German foreign minister: ′We can learn from Sierra Leone′ | Africa | DW | 25.02.2019
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Africa

German foreign minister: 'We can learn from Sierra Leone'

During a visit to the West African country, German Foreign Minister Heiko Maas has praised Sierra Leone, once ravaged by civil war, for its democratic progress.

After arriving in Sierra Leone on Sunday evening, Heiko Maas met with the country's president, Julius Maada Bio, as well as with Foreign Minster Alie Kabba on Monday. 

According to Germany's Foreign Ministry, the talks focused on post-conflict reconciliation as well as how Sierra Leone can serve as an example for other countries emerging from violent conflict. 

"We can learn from Sierra Leone what [international conflict management] means: Going from a country under civil war to a country that is standing on its own two feet," the German Foreign Minister said in the capital, Freetown. 

Sierra Leone is one of the few African countries which, having suffered a long civil war, is making visible progress on the path to democracy. Since the end of Sierra Leone's brutal 11-year conflict early in 2002, the country has held four elections. The last polls, in March 2018, the first to be held without United Nations supervision, saw a peaceful transition of power from Ernest Bai Koroma to President Bio. 

In addition, the use of sexual violence in conflicts was also discussed during today's meeting. Earlier this month, Sierra Leone declared a national emergency over the rape of young girls as sexual abuse cases spiral in the country. 

Conflict minerals and the mining sector

Maas is also meeting with civil society representatives, where one of the issues on the agenda is the trade in minerals from conflict zones. Sierra Leone is rich in natural resources, including diamonds, which notoriously fueled its civil war. 

Despite its natural riches and relative peacefulness, however, Sierra Leone is one of  the world's poorest countries, still struggling economically.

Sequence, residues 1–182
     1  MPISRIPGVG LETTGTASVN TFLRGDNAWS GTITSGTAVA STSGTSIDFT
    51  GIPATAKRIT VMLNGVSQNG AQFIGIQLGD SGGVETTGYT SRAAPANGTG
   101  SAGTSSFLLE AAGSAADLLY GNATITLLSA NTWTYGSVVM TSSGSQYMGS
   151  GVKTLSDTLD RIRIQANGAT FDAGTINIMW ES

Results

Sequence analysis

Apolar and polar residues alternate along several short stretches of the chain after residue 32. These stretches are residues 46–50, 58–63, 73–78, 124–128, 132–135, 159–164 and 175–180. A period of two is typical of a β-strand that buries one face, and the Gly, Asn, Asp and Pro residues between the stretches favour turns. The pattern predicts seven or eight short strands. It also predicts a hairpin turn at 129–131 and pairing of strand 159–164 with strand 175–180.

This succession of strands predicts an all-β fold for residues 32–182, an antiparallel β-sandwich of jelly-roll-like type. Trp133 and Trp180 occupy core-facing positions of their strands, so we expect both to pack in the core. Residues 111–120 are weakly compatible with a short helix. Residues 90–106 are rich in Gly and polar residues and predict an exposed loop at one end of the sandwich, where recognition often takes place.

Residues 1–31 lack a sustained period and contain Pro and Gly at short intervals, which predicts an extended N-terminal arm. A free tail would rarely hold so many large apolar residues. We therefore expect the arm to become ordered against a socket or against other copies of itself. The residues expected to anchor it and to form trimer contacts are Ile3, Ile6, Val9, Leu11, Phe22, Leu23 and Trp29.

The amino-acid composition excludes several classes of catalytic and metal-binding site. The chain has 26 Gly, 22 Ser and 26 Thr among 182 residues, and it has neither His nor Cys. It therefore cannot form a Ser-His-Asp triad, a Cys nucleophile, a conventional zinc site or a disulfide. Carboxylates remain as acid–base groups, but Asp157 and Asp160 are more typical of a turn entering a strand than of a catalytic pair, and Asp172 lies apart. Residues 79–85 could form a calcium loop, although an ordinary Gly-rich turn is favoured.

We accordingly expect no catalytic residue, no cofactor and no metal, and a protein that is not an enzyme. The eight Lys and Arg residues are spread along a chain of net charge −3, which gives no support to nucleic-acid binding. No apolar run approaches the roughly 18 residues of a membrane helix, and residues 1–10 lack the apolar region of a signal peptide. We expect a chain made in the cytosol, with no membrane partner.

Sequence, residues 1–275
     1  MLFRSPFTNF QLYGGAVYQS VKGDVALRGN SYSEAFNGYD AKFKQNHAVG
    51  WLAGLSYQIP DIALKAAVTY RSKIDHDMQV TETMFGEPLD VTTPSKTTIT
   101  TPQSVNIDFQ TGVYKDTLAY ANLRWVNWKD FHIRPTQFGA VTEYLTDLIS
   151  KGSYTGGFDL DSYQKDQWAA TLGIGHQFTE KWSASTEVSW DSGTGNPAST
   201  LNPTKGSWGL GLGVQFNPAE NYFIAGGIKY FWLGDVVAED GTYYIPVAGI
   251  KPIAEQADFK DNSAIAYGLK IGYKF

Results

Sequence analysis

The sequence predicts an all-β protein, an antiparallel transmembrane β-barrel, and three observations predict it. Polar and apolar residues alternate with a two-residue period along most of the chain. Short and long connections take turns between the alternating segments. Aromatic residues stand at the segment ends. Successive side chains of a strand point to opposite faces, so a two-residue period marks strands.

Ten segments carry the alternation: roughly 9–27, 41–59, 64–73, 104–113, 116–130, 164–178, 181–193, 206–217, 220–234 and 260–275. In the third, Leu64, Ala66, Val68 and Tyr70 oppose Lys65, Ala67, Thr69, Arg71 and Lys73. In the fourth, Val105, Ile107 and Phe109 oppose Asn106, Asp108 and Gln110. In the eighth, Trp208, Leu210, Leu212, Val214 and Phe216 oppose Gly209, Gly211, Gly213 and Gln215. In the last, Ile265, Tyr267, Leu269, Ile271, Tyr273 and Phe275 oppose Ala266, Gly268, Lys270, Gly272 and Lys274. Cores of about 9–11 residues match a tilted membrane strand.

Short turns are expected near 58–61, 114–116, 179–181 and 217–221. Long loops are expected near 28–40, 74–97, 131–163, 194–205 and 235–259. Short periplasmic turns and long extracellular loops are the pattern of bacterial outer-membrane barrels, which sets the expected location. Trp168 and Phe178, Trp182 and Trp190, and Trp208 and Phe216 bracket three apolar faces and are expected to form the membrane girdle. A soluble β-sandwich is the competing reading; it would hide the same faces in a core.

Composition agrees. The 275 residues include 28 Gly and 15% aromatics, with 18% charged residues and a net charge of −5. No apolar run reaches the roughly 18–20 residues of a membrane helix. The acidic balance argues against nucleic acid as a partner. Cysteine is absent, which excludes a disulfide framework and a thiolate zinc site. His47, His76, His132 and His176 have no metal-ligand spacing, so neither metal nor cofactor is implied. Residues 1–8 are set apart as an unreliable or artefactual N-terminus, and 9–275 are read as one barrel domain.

In the World Bank's 2018 Doing Business report, Sierra Leone ranked 163 out of 190 countries. 

In 2018, growth slowed to an estimated 3.5 percent from 5.8 percent in 2017, according to the African Development Bank. The downturn is mostly due to a weak recovery in mineral prices compounded by the closing of Sierra Leone's main iron ore company, which stopped production at the end of last year.  

Traders sells meat skewers and other items in a busy street in Makeni, Sierra Leone

Formal work is rare in Sierra Leone, where an estimated nine out of 10 people work in the informal sector

Sierra Leone's nascent economy also took a battering in 2014, when it was hit by an outbreak of the Ebola virus that killed more than 3,900 people. 

Most of Sierra Leone's exports are unprocessed commodities such as gold, diamonds, iron ore and cashew nuts. 

As such, Sierra Leone is still highly dependent on international aid. Germany is one of its most important development partners, with cooperation focusing on youth employment, education and agriculture.

Peace in Sierra Leone contrasts to insurgencies elsewhere in West Africa  

After Sierra Leone, the German foreign minister travels onto Burkina Faso and then to Mali, where 836 German troops are stationed as part of the United Nations MINUSMA mission as well as 169 troops as part of the EU mission (February 25, 2019 figures). 

Maas' trip comes as the EU Mission was attacked on Sunday. In an official statement, the EU Training Mission said three Malian troops were injured in the incident, in which "unknown elements" fired missiles and guns, and detonated car bombs. 

An armed German soldier secures a tank in Mali

MINUSMA, to which German contributes troops, is the United Nation's deadliest mission

German troops are also stationed at the camp, which Maas plans to visit the EU Mission later in the week.

Just a week earlier, a German convoy in the west of Mali came under attack. A Malian soldier was seriously wounded during the exchange of fire. 

Burkina Faso is also seeing mounting insurgent attacks and unrest

"In Mali and Burkina Faso, instability and conflict are currently giving us cause for great concern," Maas said in a statement released on Sunday. 

"I would like on this trip to gain a first-hand insight into the challenges and opportunities in these three countries as well as in the region."

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